Just to further add to that, Scott makes some great points in his piece. It all boils back to education, and we’re doing a great job here in the SDVoE Alliance to really help people close that knowledge gap between what they’ve been comfortable with in AV traditionally and the move into what we call IT and data networks. Whether we like it or not, AV is IT, and that’s the way it’s moving forward.

So talking of moving forward and what a great segue, Justin, tell me who this lady is? Introduce our guest before we bring her in.

Justin Kennington (14:09):

Alesia is someone I met maybe two years ago. She works not only as a network engineer, but also as a journalist, and was writing a piece related to AV and IT, and interviewed me, and we had such a fun time talking. We’ve kept in touch ever since, and when we decided to put the show on, I knew she’d make a great guest with her background. I’m going to let her talk about it, I won’t give you her bio here. But her background is such a solid mix of AV and IT, specifically on the technical side, including network troubleshooting, and I thought she’d be perfect. There she is.

Matt Dodd (14:43):

There she is.

Justin Kennington (14:56):

Hey Alesia. Well, welcome. Thank you for joining us. I was just telling everybody out here that you had an interesting biography, that you’ve touched a lot of different pieces of the AV industry. So can you tell us a little bit about how you got here, and what you’re up to today?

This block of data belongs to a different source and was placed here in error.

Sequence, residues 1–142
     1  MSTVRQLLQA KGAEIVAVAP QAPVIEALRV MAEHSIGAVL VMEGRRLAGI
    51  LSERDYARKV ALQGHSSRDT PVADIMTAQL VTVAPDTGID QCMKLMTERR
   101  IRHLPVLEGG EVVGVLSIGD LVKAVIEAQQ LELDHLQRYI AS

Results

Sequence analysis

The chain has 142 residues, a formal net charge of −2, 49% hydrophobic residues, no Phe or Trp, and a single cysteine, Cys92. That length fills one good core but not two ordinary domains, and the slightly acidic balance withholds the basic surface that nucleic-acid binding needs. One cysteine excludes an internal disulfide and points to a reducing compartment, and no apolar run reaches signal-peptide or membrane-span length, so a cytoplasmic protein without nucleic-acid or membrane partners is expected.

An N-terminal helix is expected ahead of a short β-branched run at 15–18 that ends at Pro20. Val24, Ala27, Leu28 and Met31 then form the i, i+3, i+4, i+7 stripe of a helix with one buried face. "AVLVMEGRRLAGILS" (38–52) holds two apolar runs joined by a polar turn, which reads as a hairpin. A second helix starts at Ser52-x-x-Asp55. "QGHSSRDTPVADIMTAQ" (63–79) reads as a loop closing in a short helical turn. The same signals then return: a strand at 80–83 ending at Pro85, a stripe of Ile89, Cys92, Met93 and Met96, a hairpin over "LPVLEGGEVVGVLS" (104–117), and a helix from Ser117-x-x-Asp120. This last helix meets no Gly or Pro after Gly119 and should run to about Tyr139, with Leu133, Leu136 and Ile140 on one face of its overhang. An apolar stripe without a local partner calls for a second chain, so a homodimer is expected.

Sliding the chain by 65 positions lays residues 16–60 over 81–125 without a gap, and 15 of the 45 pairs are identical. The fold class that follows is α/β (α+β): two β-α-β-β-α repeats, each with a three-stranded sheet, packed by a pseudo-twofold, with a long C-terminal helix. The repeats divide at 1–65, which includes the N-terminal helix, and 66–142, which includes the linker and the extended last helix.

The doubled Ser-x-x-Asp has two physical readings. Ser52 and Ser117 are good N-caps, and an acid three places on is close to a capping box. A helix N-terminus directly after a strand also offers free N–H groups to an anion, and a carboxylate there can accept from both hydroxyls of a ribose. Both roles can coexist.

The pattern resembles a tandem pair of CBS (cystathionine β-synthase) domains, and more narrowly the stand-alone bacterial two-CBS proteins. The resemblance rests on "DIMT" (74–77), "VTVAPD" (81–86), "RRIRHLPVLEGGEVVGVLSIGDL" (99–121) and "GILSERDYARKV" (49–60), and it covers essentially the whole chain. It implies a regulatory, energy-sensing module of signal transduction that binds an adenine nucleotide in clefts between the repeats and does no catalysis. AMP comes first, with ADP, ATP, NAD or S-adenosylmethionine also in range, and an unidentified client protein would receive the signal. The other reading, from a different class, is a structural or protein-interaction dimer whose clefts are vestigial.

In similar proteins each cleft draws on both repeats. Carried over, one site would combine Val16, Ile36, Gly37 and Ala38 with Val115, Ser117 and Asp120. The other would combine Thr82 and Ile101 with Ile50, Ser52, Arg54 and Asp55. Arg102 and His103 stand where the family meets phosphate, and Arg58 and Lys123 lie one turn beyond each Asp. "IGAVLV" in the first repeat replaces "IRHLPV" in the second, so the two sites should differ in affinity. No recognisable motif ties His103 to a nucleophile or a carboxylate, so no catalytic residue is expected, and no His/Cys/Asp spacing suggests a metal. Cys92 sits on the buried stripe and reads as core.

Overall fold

Alesia Hendley (15:11):

For sure, it’s been an interesting ride. AV is constantly growing, technology is constantly growing. So a little background on myself. I started out in a house of worship as a sound girl, running audio. As that space grew, I grew with it, not only learning the audio side, but also learning the visuals that go into it from a very large production standpoint. Then I became an end-user within a pretty large venue facility to where I was running audio, lights, broadcast, software, all kinds of things, and a whole bunch of different venues under one roof, and I realized that all of my gear lived on a network.

When that transition came, it was an interesting pivot because our team was an AV in-house team, and the people who ran the network were over in another building. If the network went down, they would have to come over from wherever they’re at and come and help our team. So I realized learning about the network is ultimately another way to push my career forward, to today where I’m a sales engineer with Access Networks. And I joined this company because I wanted to be with a team that understood AV just as well as IT. This is a perfect place for me to marry these worlds and learn the language of IT that you and Matt were talking about earlier.

Justin Kennington (16:44):

So when you recognized that learning about the network is important, what did you do? How did you learn?

Alesia Hendley (16:52):

The first thing I did is figure out who was talking about this transition, whether that was at InfoComm or other tradeshows throughout the industry. When I first found AV as a whole, as far as an industry, there was a lot of talk of the convergence, and I was like, wait a second. The convergence is already here. My audio board has been on the network for three years now.